According to Alex Speier on WEEI.com, the Boston Red Sox have placed the 31-year-old Japanese pitcher on the disabled list after his paltry effort on July 2nd against the Oakland A's that saw him give up two home runs to former Red Sox players Josh Reddick and Brandon Moss.
The outing lasted a mere one inning, and Matsuzaka gave up four hits and five earned runs, garnering a 6.65 ERA.
When asked by reporters after the game, Red Sox manager Bobby Valentine stated that Matsuzaka would be returning to the DL after suffering a recurrence of the discomfort in his right trapezius muscle at the base of the neck.
Yes, Matsuzaka is out from a pain in the neck. Is it not ironic that Red Sox Nation found stomaching his games to be a pain in the neck? Perhaps it's just a form of poetic justice.
The question is, did Matsuzaka return from his Tommy John surgery too early?
According to WebMD.com, "Rehabilitation from Tommy John surgery usually takes about a year. In some cases, up to two years are needed for athletes to return to their previous level of ability."
Matsuzaka underwent his Tommy John surgery on June 11, 2011. In a report by NBC's Hardball Talk's Drew Silva, the anticipated window of recovery for a baseball player from Tommy John surgery is approximately 15 months or more.
Matsuzaka made his first major league start of the 2012 season on June 9th, less than one full year from his surgery date. Maybe this is a case of a pitcher over-extending himself in a contract year, or perhaps he did actually have a soreness in his neck. Fans may not know that answer right away.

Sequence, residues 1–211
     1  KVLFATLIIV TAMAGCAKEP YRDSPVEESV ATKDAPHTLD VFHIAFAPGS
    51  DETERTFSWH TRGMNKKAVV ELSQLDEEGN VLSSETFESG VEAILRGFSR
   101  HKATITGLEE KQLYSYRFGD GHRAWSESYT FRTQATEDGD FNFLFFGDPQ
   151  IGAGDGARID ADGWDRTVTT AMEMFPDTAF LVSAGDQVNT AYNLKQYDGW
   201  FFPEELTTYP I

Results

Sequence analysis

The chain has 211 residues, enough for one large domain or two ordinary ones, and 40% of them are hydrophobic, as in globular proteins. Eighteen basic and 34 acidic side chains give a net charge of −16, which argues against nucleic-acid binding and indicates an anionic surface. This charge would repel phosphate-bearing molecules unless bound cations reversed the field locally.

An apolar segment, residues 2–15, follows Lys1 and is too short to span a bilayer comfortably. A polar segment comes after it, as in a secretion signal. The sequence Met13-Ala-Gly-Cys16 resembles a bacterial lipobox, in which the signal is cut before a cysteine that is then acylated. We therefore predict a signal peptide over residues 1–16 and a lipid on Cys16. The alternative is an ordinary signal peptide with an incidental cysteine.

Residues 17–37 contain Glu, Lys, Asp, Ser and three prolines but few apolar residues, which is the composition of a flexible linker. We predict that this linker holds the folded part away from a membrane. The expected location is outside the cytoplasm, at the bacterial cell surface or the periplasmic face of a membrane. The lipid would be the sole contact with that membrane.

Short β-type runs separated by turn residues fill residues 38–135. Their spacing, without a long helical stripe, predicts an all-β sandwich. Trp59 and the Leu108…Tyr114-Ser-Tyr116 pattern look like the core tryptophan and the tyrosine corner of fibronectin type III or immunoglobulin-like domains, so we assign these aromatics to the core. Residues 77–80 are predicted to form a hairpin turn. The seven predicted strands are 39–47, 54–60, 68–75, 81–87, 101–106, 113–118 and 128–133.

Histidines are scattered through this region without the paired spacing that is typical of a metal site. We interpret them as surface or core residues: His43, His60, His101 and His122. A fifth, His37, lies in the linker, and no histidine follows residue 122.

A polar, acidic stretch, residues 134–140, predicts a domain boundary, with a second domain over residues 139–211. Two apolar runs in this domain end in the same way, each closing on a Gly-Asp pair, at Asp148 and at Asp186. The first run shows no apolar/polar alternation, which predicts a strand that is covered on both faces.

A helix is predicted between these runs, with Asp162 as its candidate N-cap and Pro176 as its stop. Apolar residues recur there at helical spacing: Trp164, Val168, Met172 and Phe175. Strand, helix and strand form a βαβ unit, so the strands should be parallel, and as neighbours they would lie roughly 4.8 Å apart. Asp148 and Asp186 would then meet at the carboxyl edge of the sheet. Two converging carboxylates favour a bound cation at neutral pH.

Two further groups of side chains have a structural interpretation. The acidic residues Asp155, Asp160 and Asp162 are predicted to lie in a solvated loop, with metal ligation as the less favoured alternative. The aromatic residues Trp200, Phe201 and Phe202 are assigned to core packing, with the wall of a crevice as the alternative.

If he does not return to pitch in Boston this season, I think the answer is clear.
This brings me to my greater point.
On the Red Sox official website, Evan Drellich noted that pitcher John Lackey could pitch again before the end of 2012, though not before the major league season ends.
The indication is that Lackey could throw some side sessions or perhaps even perform on a minor league level by the end of the year.
Lackey underwent his Tommy John surgery on November 1, 2011.
If this report is accurate, Lackey is well ahead of his rehabilitation schedule. The Boston Globe's Michael Vega has John Lackey quoted saying the following:
"It's been like 20 pitches so far, like 80 percent effort kind of deal,'' Lackey said. ''Long toss is the main thing for me right now, just trying to build my arm strength back up. I've got about two bullpens a week for about the next two months, so it's a long process.''
Lackey is optimistic about his progress thus far, going on to say:
"Yeah, there's been no setbacks, so it's been all positive,'' he said. "My arm feels great so it's definitely moving in the right direction. But it's going to be a while before I get into a game, for sure."
While the idea of getting a top of the rotation starter back for the Red Sox is obviously a positive thing, the concern Red Sox Nation has should be surrounding the speed in which these players are returning from their respective surgeries.
The 2012 season is a loss for him, which is fine. A corrective surgery is hopefully what the big righty needed to bring his 2011 6.41 ERA back down to earth moving forward.
However, in the event that he is rushing himself or being rushed to return, Lackey could see the opposite result, like in the case of Matsuzaka, whose 2011 ERA was 5.30 before being shut down.
Now, it rests at 6.65. Could John Lackey survive a 7.76 ERA in Boston? I'm not so sure he could.